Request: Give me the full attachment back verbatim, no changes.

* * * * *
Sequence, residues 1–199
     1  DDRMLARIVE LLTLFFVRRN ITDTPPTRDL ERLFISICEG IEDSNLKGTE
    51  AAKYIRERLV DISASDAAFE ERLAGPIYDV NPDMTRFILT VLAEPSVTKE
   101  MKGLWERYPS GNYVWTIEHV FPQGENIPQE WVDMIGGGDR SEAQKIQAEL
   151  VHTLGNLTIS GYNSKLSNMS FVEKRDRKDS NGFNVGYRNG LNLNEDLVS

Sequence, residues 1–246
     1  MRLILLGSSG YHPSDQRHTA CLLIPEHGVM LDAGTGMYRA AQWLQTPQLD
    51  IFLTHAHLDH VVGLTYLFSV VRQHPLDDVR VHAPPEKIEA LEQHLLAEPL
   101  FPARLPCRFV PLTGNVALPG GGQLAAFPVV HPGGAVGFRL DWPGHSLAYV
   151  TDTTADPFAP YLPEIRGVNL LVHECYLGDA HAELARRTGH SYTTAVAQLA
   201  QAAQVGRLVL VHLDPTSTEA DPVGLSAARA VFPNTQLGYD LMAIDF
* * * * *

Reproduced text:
Sequence, residues 1–199
     1  DDRMLARIVE LLTLFFVRRN ITDTPPTRDL ERLFISICEG IEDSNLKGTE
    51  AAKYIRERLV DISASDAAFE ERLAGPIYDV NPDMTRFILT VLAEPSVTKE
   101  MKGLWERYPS GNYVWTIEHV FPQGENIPQE WVDMIGGGDR SEAQKIQAEL
   151  VHTLGNLTIS GYNSKLSNMS FVEKRDRKDS NGFNVGYRNG LNLNEDLVS

Sequence, residues 1–246
     1  MRLILLGSSG YHPSDQRHTA CLLIPEHGVM LDAGTGMYRA AQWLQTPQLD
    51  IFLTHAHLDH VVGLTYLFSV VRQHPLDDVR VHAPPEKIEA LEQHLLAEPL
   101  FPARLPCRFV PLTGNVALPG GGQLAAFPVV HPGGAVGFRL DWPGHSLAYV
   151  TDTTADPFAP YLPEIRGVNL LVHECYLGDA HAELARRTGH SYTTAVAQLA
   201  QAAQVGRLVL VHLDPTSTEA DPVGLSAARA VFPNTQLGYD LMAIDF